The thickness of the highly thermal conductive elastic rubber layer 24 b of 0.10 to 5 mm is suitable for molding in terms of performance and can be appropriately adjusted with the thickness of the solid rubber elastic layer 24 a in the lower layer. In the above described case, in the case where the thickness proportion of the highly thermal conductive elastic rubber layer 24 b in the upper layer to the solid rubber elastic layer 24 a in the lower layer is defined by (thickness of the highly thermal conductive elastic rubber layer 24 b)/(thickness of solid rubber elastic layer 24 a), a range of 0.02 to 2 is suitable.

The hardness of the highly thermal conductive elastic rubber layer 24 b suitably falls within a range of predetermined hardness in view of securing the desired nip width.

In the present embodiment, the hardness of the highly thermal conductive elastic rubber layer 24 b falls within a range of 5 to 60 degrees for a hardness (to be referred to as the ASKER-C hardness below) measured with the ASKER Durometer Type C manufactured by KOBUNSHI KEIKI CO., LTD. which satisfies the JIS K7312 and SRIS 0101 standards. If the ASKER-C hardness of the highly thermal conductive elastic rubber layer 24 b falls within the above described range, the desired nip width can be sufficiently secured. A test sample allowing no sufficient thickness to be secured in order to measure the ASKER-C hardness undergoes measurement by cutting out only the highly thermal conductive elastic rubber layer 24 b to stack the required number of sheets appropriately. The ASKER-C hardness of the stacked test sample to be measured is measured. For the present embodiment, the test sample to be measured was measured when subjected to a securing thickness of 15 mm.

In addition, the thermal conductivity of the highly thermal conductive elastic rubber layer 24 b in the recording material conveyance direction (the periphery direction of the roller hereinafter to be referred to as the x direction) and the direction perpendicular to the above described x direction (the longitudinal direction of the roller hereinafter to be referred as the y direction) can be measured by the hot disk method. TPA-501 manufactured by KYOTO ELECTRONICS MANUFACTURING CO., LTD. was used as the above described measurement apparatus. In order to secure a thickness sufficient for measurement, as illustrated in FIG. 4A and FIG. 5, only a highly thermal conductive elastic rubber layer 24 b is cut out to form the test sample to be measured by stacking a predetermined number of sheets and the thermal conductivity in the x direction and the y direction of the test sample to be measured are respectively measured.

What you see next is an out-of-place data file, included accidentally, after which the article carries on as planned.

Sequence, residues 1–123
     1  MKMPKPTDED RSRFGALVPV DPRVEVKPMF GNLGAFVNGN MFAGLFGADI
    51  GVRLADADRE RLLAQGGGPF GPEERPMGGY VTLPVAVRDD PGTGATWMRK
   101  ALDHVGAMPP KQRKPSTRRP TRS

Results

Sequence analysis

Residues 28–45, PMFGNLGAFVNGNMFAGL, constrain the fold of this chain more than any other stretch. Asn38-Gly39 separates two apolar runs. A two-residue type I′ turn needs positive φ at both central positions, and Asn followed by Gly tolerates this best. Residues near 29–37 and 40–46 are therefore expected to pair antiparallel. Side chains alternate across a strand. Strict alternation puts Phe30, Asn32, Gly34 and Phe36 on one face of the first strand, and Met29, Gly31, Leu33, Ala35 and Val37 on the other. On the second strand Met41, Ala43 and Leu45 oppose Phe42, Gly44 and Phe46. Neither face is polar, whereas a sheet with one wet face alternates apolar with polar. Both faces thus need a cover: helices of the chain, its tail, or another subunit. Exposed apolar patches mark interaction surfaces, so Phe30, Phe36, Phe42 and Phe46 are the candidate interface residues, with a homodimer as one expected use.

FIGS. 8A-8C are an explanatory views illustrating a method of measuring the thermal conductivity of a highly thermal conductive elastic rubber layer 24 b.

For the present embodiment, the highly thermal conductive elastic rubber layer 24 b is cut out and the cut-out portion has the dimensions of 15 mm (in x direction)×15 mm (in y direction)×thickness (set thickness) and is stacked to provide a thickness of approximately 15 mm to attain a test sample to be measured 24 b 2 (see FIG. 8A). Next, a kapton tape T with width of 10 mm for fixation is applied so that the above described test sample to be measured 24 b 2 can be fixed (see FIG. 8B). Next, in order to equalize the level of flatness of the surface to be measured of the test sample to be measured 24 b 2, the surface to be measured and the rear surface of the surface to be measured are cut with a laser. Two sets of the above described test sample to be measured 24 b 2 are prepared. A sensor S is pinched by the two test samples to be measured to measure the thermal conductivity (see FIG. 8C). In the case where the test sample to be measured 24 b 2 is measured and subjected to a change in the direction (x direction and y direction), the measurement direction is changed to carry out the method as described above. For the present embodiment, an average value of the five times of measurement was used.